5/7-5/9/04 Gallup: Send more troops to Iraq? 25%
3/18-4/18/04 War on Iraq– was it worth it? 31 79%
4/16-4/18/04 Gallup: War on Iraq– was it worth it? 52%
3/26-3/28/04 Gallup: War on Iraq– was it worth it? 56%
8/08-9/08/03 Progress since end of “major combat” 31 83%
5/14-7/14/03 Shoot looters of Iraqi treasures 62 80%
4/02-6/02/03 France not needed for rebuilding Iraq 61 92%
4/07-5/07/03 No major role for UN in rebuilding Iraq 30 90%
3/27-4/27/03 Enough troops sent to Iraq 31 81%
3/11-5/11/03 Boycott French products 61 84%
2/10-3/10/03 Offended by France’s objection to war 28 80%
2/27-5/27/03 Ousting Saddam will aid Middle East peace 39 82%
3/20-5/20/03 War on Iraq won’t cause more terrorism 61 86%
2/18-11/06/02 Global coalition not needed for Iraq war 262 80%
11/19/01-1/19/02 Turn attention to Iraq 61 84%
9/22/01-2/06/03 US Should attack Iraq 435 78%

We could come up with a name to describe the core of voters which regularly votes on the site. If Rush Limbaugh’s minions are the “dittoheads”, than Dick Morris’s most be the… never mind. Let’s just call them the Mories. Here’s what we can understand about their polling patterns:

  1. The regular hyper -majorities of 75-90% suggest an extremely skewed population of Mories– or skewed questions. Even during the 2000 election, Bush’s largest state wins (in Idaho/Utah/Wyoming) were in the 67% percent range. (Though in New York City you have an electorate which went 80%, for Gore). Some of the questions about Abu Ghraib have finally pierced the 75% floor– only 62% felt that it didn’t compromise the Iraq mission.
  2. The Mories are more hawkish, and more quick to defend the administration, than the rest of the population by 15-25% on most issues. The one aberration is whether more troops should be sent to Iraq– the gung-ho Mories have an 88% in favor of sending more troops, as compared to 25% of the population.
  3. The Mories have a weakness, as we all do, in predicting the future, but the Mories tend to be overly optimistic. They felt that the ousting Saddam (and ending his payments to the families of suicide bombers) would motivate Israeli/Palestinian peace negotiations. In addition, they were confident during the “major operations” phase in Iraq that there were enough soldiers, but a year later after the “non-ending operations” they figured that there weren’t.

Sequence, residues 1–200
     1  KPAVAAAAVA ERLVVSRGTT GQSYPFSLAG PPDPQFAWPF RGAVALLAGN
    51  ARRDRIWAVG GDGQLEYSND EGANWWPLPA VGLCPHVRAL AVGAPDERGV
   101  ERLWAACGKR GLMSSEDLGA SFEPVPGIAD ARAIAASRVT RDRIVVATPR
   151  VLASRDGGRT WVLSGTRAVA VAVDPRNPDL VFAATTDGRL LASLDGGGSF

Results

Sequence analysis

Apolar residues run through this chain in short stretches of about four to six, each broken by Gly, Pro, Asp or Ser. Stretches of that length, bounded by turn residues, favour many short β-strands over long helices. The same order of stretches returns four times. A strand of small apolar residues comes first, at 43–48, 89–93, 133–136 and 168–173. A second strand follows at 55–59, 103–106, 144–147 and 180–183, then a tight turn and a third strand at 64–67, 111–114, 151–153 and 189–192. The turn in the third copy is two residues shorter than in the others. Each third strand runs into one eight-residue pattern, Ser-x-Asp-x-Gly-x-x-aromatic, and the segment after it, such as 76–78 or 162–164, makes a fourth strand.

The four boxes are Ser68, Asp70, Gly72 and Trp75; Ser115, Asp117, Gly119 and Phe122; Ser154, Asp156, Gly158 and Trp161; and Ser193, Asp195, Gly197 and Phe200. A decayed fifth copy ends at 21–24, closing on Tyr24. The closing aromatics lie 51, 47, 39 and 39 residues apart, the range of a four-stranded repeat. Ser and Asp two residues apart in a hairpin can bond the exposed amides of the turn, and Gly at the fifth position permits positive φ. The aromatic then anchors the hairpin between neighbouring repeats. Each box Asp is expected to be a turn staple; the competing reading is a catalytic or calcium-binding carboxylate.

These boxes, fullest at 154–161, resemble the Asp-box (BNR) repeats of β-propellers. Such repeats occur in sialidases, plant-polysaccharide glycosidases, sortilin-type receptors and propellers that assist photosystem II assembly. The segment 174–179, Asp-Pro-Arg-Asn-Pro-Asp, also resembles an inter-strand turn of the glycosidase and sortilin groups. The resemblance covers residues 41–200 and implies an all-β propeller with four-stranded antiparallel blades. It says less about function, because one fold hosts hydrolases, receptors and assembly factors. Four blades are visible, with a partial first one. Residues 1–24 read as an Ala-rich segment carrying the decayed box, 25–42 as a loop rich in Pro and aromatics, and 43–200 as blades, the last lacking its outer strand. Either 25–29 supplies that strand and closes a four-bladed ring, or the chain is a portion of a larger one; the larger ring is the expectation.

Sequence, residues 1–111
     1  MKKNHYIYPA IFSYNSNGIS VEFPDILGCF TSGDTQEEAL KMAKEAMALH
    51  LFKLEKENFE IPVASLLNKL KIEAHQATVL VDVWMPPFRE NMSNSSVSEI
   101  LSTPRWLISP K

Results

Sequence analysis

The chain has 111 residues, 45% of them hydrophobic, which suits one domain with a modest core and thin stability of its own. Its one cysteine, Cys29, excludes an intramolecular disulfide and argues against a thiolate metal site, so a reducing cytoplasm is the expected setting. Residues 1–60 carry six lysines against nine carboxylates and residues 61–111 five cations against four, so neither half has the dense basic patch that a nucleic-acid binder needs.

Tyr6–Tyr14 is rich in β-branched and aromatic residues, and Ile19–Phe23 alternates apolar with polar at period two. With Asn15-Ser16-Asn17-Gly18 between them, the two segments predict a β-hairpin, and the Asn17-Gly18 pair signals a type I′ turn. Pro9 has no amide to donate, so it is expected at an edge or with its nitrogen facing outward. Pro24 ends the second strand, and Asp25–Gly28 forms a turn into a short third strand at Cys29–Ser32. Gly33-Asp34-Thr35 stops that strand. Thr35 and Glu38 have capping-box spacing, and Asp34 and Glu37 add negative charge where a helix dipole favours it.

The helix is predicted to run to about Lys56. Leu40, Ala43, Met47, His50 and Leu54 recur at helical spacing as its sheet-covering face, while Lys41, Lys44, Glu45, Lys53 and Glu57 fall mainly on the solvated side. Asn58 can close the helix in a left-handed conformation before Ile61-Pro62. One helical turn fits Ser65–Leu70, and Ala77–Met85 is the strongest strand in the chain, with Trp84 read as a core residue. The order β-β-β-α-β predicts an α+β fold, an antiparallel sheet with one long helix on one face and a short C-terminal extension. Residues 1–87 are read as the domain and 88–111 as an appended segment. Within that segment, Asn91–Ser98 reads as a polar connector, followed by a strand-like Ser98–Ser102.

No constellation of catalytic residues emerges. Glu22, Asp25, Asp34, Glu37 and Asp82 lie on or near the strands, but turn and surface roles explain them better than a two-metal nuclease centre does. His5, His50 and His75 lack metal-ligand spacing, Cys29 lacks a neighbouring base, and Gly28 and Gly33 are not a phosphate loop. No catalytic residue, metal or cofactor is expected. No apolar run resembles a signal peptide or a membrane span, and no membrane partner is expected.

4. The Mories, like other Americans in polls, continue to have serious disconnects with understanding where the government’s money comes from. For example, I pay $60 in taxes on my broadband Internet over the year. The next Iraq bill, may cost $90 for each American annually. Certainly, a more useful question would be: “The Iraq war will cost X in addition to the federal budget. Where should we get the money from?”
  5. The most important question about the war to the Mories (and their detractors) was not about a policy at all– it was about whether they were offended by France’s objection to the war. Not that France was needed– the Mories didn’t see a need for a global coalition for the war or afterwards. In one month (the shortest one, at that), this got more votes than a question of whether to attack Iraq.
  6. A call for a ban on taxes on broadband access is perhaps a benchmark rallying cry for Internet users. It may yet be as popular as spiting France.
  7. A solid group of Mories do not believe there is a need for hearings on Abu Ghraib (which have started nonetheless). This is perhaps because a solid group of Mories also figures that the enlisted MP’s are singularly guilty, and were not taking the fall for anyone. This also may fit in with the Mories’ moral perspective in that Iraqi looters should be shot on sight (79% of respondents subscribed to that) There’s perhaps a small chance that the honest Mories went on an early summer vacation, and were replaced by a bunch of amoral wackos. Or it may call into question the moral compasses of the Mories altogether. To be fair, the pollster may be culpable as well here. Professional pollsters are no more immune than Dick Morris. They have all jumped the gun in asking Americans to ascertain guilt in the scandal. The corporals were rendered guilty once the photographs became known to the public eye; the evidence of the top-secret Copper Green program which authorized the abuses, which was shared with Seymour Hersh in this week’s New Yorker, has not been made public.

Whether Dick Morris, or his clientele, has any use for this, I can’t say. Nor should it give any guidance to anyone trying to unearth the elusive swing voter for 2004. What it is simply an illustration, that for even the junkiest set of polling data that has ever been contrived in the free world, some patterns can be understood about the people who take part in the poll.